13. Sleep. Make sure you get your sleep. Researchers have
recently found in several studies that lack of sleep decreases dopamine receptor
sensitivity, which then has many negative downstream effects. For more information see my link on Sleep and Dopamine.
14. Music. "Sex, Drugs and Rock 'n Roll!" What do those have in common? They all boost dopamine. Actually, researchers did not know
definitively that music boosted dopamine until a 2011 study showed conclusively, using radioactive chemicals that bound to participants' dopamine, that
not only did music cause the brain to release dopamine but even the anticipation of music (that we like) could
do the same.  Talk about a cheap and easy brain booster!
15. Mucuna Pruriens. This prolactin-controlling, dopamine-increasing extract from the legume called the "velvet bean" has even
been used by some in treatment of Parkinson's. Animals studies show that it increase dopamine in certain key areas of the brain.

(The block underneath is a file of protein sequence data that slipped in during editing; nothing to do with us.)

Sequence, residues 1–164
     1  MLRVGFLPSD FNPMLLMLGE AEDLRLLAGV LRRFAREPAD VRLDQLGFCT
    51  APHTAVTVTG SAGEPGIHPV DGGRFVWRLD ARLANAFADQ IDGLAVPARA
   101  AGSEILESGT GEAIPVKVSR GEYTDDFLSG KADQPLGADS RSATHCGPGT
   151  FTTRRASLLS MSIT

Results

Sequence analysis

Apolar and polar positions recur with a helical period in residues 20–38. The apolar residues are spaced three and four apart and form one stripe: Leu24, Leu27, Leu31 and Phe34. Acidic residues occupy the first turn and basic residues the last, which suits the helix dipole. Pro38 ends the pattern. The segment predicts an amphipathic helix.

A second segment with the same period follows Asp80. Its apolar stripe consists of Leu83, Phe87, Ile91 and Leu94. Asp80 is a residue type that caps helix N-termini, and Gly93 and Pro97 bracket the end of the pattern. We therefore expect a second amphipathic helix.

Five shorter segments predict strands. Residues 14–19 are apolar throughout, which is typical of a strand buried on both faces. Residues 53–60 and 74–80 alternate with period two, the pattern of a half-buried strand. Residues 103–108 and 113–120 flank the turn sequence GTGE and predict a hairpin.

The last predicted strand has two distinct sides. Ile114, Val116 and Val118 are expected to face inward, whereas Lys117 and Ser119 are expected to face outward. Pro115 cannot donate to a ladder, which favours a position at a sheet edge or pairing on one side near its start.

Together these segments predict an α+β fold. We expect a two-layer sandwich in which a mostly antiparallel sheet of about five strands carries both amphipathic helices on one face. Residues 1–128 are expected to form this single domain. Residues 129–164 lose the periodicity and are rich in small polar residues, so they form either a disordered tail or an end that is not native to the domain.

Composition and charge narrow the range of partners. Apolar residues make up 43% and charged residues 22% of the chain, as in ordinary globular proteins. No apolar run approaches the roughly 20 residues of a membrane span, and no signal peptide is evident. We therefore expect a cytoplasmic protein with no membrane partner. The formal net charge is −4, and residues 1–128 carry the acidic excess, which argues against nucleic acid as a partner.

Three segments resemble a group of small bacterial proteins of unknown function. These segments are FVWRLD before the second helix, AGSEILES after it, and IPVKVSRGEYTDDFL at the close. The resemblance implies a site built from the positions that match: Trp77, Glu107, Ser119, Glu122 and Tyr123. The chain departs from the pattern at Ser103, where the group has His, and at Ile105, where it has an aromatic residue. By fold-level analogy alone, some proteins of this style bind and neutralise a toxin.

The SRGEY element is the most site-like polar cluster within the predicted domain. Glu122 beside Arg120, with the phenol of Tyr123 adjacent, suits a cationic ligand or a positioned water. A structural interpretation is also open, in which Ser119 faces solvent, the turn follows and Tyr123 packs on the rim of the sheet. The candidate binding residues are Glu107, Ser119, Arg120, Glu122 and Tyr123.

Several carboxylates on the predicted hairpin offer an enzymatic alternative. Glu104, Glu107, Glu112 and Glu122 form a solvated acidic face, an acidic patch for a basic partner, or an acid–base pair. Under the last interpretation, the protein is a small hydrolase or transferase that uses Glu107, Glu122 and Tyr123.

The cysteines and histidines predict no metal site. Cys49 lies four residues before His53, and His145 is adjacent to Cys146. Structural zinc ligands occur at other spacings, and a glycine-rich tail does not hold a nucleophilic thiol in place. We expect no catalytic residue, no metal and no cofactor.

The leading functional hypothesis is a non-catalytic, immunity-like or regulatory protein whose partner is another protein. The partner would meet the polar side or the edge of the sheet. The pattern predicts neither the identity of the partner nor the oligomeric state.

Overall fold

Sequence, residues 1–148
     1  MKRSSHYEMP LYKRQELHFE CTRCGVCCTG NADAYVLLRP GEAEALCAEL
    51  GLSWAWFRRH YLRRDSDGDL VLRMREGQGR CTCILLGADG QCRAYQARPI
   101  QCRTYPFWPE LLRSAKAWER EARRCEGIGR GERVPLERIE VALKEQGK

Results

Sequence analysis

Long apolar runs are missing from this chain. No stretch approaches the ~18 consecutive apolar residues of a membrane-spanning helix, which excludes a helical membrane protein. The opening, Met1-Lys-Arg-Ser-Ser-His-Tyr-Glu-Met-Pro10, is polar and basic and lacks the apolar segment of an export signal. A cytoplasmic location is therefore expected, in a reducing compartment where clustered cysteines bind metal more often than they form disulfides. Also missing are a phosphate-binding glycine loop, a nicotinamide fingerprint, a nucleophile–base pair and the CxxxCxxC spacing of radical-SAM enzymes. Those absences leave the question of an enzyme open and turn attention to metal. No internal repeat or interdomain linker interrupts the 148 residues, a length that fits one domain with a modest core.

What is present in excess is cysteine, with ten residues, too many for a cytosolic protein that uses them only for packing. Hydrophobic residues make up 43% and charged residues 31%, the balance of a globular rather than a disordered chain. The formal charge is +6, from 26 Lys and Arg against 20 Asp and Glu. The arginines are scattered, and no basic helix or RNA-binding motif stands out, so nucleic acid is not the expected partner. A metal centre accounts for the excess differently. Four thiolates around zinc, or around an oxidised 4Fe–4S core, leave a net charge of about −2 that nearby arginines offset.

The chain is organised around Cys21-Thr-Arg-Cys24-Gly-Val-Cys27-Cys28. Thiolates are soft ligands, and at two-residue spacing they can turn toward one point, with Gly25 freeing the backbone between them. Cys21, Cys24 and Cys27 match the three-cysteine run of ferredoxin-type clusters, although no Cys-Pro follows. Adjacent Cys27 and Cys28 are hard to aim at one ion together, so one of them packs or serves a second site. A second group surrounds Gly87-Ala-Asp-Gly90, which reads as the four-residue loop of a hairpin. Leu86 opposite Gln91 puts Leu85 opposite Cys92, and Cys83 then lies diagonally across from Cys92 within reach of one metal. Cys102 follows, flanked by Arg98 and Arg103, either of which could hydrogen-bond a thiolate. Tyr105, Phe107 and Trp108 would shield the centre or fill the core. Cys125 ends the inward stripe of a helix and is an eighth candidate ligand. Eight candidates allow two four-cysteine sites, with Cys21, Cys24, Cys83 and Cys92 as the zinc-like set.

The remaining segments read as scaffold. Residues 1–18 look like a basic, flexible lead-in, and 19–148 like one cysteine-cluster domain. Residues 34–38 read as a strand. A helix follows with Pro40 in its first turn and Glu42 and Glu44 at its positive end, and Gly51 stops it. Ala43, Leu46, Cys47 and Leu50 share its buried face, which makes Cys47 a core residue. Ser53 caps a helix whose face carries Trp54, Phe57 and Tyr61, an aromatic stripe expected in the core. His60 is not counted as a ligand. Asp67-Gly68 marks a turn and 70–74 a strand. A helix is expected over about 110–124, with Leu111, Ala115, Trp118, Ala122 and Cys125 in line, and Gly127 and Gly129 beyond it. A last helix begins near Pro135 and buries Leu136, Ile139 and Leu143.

It will also likely help many men with infertility and testosterone as well.
CAUTION: Melatonin Supplementation. Obviously, getting adequate melatonin before bed is a good
thing. Furthermore, supplemental melatonin is part of a multisupplement
Sleep Aid cocktail that was recently found to be effective in patients suffering
with insomnia. Nevertheless, some caution with supplemental melatonin may
be in order, since it low dopamine levels.  Normal melatonin is
important, though, and its antioxidant powers likely protect the cells of the
CAUTION: If you have a medical condition or are on any medications, please discuss any changes with
your doctor first. Certain supplements, foods and even juices can alter absorption rates of certain medications for example. Play it safe.
2) Life Sciences, 11 Jun 1979, 24(24):2273-2277, "Plasma dopamine responses to
standing and exercise in man"
6) J Lab Clin Med, 1984 Jul, 104(1):77-85, "Increased conjugated dopamine in
plasma after exercise training"
http://www.medscape.co; Arch Neurol, 2002, 59:1523,
12) Neuroscience Letters 341 (2003) 201–20, "Coenzyme Q10 supplementation
provides mild symptomatic bene?t in patients with Parkinson’s disease"
13) Cell Mol Neurobiol, 2001 Dec, 21(6):605-16, "Melatonin-dopamine interactions:
from basic neurochemistry to a clinical setting"
15) Nat Neurosci, 2011 Feb, 14(2):257-62,"Anatomically distinct dopamine release
during anticipation and experience of peak emotion to music"
17) Phytotherapy Research, Sep 2004, 18(8):706–712, "Neuroprotective effects of the antiparkinson drug Mucuna pruriens"